The Look: Made almost smack dab in the middle of his film career, Tickle Me catches Elvis looking only typically spectacular. Elvis just looks ordinary and the wardrobe is generic ranch hand garb. Nothing to see here.
King Moment: Tickle Me offers viewers a rare experience; Elvis looks at us. In a comical moment, Vera Radford is making a play for Lonnie in her office. As the two embrace, Lonnie says “I’ve never been kissed by my boss before”. He then breaks the fourth wall and, smirking at the camera, shares the laugh with us. The funny of course comes from the idea prevalent at the time that anyone’s “boss” was unlikely to be a woman and Elvis was unlikely to be kissed by a man. It’s a delightful, little moment.
The Music: “(It’s a) Long Lonely Highway”, “It Feels So Right”, “(Such an) Easy Question”, “Dirty Dirty Feeling”, “Put the Blame on Me”, “I’m Yours”, “Night Rider”, “I Feel That I’ve Known You Forever”, “Slowly But Surely”
Here’s what makes Tickle Me unique in Elvis World. There were no new songs recorded specifically for use in the film. This in itself is quite remarkable. Consider that, in the early days, Elvis did not want to sing in movies. But he caved to the pressure and insistence of the Colonel and I guess you could say he got on board with the idea of films and their soundtracks going hand-in-hand. Then, after he’s relented and allows his films to be loaded with new songs to sell on records, he’s asked to make a film for which there will be no new songs. Oh, there will be songs, yes. But not new ones. One might think Elvis may have been thrilled with the novel idea of making a film in which he wasn’t asked to sing and that he must have rolled his eyes when he learned they’d be recycling product. Elvis became aware of this plan in pre-production. Colonel telegrammed him to let him know they were considering not recording a soundtrack. Whether or not they did was totally up to Elvis, Colonel said. The producers just had to know by August 25. Elvis shot off a terse response – well after the firm deadline; “arrangements with records okay”. All this is truly odd. But it sets up an interesting paradox.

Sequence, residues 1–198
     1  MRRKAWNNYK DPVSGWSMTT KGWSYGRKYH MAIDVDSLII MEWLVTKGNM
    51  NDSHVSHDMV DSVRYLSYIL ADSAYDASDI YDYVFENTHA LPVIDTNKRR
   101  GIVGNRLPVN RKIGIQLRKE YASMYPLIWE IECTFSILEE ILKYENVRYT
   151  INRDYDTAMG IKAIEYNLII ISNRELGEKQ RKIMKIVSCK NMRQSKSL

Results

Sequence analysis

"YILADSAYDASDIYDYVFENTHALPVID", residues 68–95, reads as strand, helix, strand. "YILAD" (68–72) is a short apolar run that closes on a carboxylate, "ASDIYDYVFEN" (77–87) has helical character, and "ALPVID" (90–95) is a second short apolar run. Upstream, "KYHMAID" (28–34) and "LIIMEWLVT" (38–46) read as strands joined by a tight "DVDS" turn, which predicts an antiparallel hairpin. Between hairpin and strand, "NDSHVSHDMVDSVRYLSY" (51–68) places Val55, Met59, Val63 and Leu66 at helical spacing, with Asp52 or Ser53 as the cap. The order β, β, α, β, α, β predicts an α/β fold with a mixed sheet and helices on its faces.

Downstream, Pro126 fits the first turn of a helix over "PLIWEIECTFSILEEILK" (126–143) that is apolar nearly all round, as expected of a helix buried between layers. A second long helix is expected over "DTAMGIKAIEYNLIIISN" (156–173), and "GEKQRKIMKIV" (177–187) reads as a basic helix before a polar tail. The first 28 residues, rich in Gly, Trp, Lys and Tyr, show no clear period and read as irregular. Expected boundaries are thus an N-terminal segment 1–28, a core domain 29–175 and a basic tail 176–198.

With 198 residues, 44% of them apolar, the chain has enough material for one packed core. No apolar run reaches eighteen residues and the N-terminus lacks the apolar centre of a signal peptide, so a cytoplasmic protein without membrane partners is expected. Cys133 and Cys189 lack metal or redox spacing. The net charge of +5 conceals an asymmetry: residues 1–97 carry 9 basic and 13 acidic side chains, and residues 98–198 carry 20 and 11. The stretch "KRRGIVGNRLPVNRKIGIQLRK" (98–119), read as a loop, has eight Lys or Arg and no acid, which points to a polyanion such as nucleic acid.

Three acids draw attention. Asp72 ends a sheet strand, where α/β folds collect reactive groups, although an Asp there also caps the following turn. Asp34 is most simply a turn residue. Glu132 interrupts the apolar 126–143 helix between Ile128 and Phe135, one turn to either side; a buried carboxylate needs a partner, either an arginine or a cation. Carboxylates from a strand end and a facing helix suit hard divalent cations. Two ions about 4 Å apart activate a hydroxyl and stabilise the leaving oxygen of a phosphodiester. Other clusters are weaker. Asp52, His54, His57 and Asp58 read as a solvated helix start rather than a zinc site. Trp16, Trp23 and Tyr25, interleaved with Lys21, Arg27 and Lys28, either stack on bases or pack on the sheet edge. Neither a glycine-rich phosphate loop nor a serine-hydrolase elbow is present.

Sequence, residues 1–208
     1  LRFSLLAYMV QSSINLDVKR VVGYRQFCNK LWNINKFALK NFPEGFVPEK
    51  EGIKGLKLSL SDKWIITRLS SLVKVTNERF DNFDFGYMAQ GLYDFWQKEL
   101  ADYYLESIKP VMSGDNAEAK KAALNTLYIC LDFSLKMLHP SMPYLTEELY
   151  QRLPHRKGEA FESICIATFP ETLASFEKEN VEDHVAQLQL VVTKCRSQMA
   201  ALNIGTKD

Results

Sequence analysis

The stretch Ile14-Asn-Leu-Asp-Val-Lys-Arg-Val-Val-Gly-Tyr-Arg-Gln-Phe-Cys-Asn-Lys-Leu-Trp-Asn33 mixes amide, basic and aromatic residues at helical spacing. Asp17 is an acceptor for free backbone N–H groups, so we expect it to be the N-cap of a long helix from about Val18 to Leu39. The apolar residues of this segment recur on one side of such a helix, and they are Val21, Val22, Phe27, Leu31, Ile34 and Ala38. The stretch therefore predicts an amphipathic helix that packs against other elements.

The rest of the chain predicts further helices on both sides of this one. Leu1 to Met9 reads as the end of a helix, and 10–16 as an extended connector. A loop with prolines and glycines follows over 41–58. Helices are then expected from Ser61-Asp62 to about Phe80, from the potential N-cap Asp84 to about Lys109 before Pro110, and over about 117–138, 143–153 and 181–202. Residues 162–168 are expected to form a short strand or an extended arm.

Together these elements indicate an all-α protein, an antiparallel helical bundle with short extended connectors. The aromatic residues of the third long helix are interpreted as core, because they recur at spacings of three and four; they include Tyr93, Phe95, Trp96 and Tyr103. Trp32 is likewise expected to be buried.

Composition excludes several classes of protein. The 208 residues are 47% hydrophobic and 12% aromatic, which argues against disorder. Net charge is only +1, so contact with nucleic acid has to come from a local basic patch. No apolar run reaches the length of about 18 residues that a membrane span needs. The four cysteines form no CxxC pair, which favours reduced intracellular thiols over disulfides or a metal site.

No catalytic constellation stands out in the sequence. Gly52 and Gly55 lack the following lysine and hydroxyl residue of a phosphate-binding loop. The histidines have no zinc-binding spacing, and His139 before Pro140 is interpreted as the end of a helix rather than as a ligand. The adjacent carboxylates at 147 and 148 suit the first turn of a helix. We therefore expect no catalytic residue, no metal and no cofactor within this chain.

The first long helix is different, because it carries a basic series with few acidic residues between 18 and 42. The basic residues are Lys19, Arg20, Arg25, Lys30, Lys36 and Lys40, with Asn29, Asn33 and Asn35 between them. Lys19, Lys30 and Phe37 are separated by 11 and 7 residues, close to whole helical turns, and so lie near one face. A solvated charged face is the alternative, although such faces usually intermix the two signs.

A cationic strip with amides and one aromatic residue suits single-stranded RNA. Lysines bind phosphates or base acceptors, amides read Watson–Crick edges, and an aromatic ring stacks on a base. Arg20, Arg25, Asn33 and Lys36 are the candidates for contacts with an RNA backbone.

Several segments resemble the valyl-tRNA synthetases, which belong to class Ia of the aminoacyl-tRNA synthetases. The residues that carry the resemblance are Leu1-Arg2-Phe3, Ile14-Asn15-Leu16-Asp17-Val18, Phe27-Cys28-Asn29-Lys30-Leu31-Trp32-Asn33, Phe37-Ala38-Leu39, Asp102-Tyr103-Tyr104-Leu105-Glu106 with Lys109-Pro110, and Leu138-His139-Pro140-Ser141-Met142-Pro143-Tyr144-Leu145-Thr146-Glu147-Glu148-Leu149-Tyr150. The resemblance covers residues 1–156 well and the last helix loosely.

You could argue that Tickle Me has the finest soundtrack of any Elvis film – because it’s not really a soundtrack. It’s a collection of old songs recorded in the early 1960’s at a time when King was still engaged in recording music for jukeboxes and the radio and not simply to comment on the action in one of his movies. Meaning, these songs are good, they have a quality. Think of what we could have had if new songs had been commissioned. A song about “dang me, what a surprise. I can’t believe my eyes. This ranch is full of girrrrlllls!” Or maybe “that masked man, well, he wants your money, Pam. So stick with me and we’ll make this ghost town our hooommme”. “I lost you somehow, now I can’t ride this cow. Ahm comin’ home, baby, to you”
Recycling songs made it cheaper for Allied Artists as Elvis wasn’t gifting the studio and the picture with new songs. It worked out in a record business sense too; these good songs were given a second chance to be heard and perhaps to score, as two did. “(Such an) Easy Question” and “I’m Yours” both peaked on the charts at #11. These hits from the new Elvis movie from Allied Artists certainly helped the studio right the ship. And, as I say, the songs are excellent with no duds among them. “It Feels So Right” is a grinding rocker that should have been a hit when it was first released way back in 1960. Fresh home from the Army, then it was more about “It’s Now Or Never”, etc. but this tune is great.